February is Black History Month and there’s no better place to celebrate and honor the contributions of African Americans than in Miami. This city is bursting with black entrepreneurs, creatives, musicians, and businesses, all of whom have played a vital role in shaping the culture and cuisine of this vibrant metropolis.
As a lover of food and travel, I’ve had the pleasure of exploring Miami’s diverse neighborhoods and experiencing the rich flavors that define this city. From the traditional Caribbean and African-inspired dishes of Little Haiti, to the fusion cuisine of Overtown, Miami is a culinary melting pot that tells the story of its diverse community through its food.
So come with me, and let’s explore the streets of Miami during Black History Month. You’ll be amazed by the stories, flavors, and sounds that make this city so special.
Miami Beach Exhibit Debunks Faulty Narrative of Ancient African Kingdoms
Kimpton Angler’s is thrilled to kick-off a new, year-long series of installations by Black artists with this thought-provoking and compelling collection of works by Dr. Sheg Aranmolate. Inspired by the 12th century terracotta sculptures of the Ife Kingdom in western Nigeria and relying heavily on the artistic concept of realism, comes the Obirin Series by Dr. Sheg Aranmolate. Originally from Nigeria, Dr. Sheg’s intention is to debunk a lot of the faulty narratives that surround the concept of ancient African kingdoms as well as give a glimpse into what life looked like in those times.
Hebru Brantley’s BOUND at the Wynwood Walls, Wynwood
American contemporary artist Hebru Brantley, invites the public on his personal exploration of boundaries, expectations, and deconstructing the idea of perfection with BOUND, presented by GGA Gallery at the Wynwood Walls. BOUND takes a hard look at anxiety, generational trauma, and the stress that echoes through our center when attempting to fit into ideologies that aren’t necessarily our own. Brantley utilizes his signature, conceptualized iconic characters to address complex ideas and the physical notion of boundaries, imperfection and explores whether the idea of the “American dream” truly exists. The Wynwood Walls is located at 2520 NW Second Ave, Miami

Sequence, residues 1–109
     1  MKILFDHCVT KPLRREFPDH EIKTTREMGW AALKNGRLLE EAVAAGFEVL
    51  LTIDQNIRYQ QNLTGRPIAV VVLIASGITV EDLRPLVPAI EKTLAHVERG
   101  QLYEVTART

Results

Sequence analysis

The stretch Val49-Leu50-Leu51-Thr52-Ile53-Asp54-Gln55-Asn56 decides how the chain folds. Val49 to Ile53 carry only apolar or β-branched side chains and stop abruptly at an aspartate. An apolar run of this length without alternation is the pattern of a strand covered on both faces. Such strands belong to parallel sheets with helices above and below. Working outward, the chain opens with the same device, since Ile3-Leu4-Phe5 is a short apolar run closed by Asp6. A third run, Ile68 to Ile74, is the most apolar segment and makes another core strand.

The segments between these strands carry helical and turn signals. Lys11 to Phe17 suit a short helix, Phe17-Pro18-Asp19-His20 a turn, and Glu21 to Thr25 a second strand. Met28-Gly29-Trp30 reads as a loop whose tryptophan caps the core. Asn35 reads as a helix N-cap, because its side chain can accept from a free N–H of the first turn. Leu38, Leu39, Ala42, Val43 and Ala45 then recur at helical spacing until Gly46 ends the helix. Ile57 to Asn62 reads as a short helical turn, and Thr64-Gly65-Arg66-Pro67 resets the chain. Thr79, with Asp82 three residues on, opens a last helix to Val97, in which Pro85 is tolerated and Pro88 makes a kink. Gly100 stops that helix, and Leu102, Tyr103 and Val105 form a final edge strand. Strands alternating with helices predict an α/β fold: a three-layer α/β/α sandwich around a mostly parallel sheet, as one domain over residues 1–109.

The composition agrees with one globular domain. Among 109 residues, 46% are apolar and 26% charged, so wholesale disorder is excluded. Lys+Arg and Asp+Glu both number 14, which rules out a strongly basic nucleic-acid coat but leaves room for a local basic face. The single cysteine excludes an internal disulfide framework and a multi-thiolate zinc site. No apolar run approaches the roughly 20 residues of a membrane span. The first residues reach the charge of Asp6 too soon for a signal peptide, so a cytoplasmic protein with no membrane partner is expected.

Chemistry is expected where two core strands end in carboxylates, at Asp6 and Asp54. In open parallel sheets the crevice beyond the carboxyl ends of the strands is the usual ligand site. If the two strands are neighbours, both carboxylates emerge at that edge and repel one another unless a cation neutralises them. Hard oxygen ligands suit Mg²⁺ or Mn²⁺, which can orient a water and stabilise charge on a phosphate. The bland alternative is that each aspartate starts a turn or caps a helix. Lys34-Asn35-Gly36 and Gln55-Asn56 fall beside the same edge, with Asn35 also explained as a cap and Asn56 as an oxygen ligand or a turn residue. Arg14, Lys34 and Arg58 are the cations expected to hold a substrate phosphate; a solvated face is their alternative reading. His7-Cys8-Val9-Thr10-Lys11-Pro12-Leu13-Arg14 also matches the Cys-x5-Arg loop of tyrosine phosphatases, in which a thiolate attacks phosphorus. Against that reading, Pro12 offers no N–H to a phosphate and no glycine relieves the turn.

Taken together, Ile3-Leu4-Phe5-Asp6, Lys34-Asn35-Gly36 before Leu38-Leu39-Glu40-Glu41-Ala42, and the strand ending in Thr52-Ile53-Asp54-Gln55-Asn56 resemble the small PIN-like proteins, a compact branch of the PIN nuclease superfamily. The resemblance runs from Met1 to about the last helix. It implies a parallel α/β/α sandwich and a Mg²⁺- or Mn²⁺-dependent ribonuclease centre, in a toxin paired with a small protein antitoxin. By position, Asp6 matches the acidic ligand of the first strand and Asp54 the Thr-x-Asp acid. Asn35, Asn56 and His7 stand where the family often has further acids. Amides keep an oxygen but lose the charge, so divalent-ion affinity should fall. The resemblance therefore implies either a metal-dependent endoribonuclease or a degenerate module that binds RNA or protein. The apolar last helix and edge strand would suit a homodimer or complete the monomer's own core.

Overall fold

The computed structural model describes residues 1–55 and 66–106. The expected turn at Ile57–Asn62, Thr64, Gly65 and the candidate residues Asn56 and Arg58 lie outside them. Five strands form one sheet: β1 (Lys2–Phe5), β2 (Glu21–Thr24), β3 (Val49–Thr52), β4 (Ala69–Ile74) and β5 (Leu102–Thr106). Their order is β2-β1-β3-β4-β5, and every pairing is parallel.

Yinka Ilori’s Blue Rider Cafe Mural at Superblue, Allapattah
London-based multidisciplinary artist, Yinka Ilori permanently transforms Superblue’s Blue Rider Cafe, a space composed of refurbished shipping containers, through the installation of a mural and design concept comprised of bold shapes, layered patterns, and lush colors inspired by Nigerian parables and West African fabrics. One of Ilori’s first site-specific commissions in the U.S., the installation is an homage to his British-Nigerian heritage as well as the vibrant energies of Miami and reflects the cultural cross-pollination and inclusivity that Ilori promotes throughout his practice. Superblue is located at 1101 NW 23rd St, Miami, FL.
Black-owned Miami Hotels
The Gabriel Miami
The Gabriel Miami is a 129-key lifestyle hotel in Downtown Miami, offering spacious rooms and suites and views of Biscayne Bay. Adjacent to the hotel’s palm-tree-lined sun deck on the 14th floor is a rectangular pool with views of the intracoastal waterway, the Miami Beach skyline, PortMiami and Biscayne Bay, providing guests with the ultimate venue for relaxation and tranquility among the city’s cultural epicenter. Select rooms feature balconies with outdoor seating, providing the ultimate venue for watching the sunrise over the Miami skyline.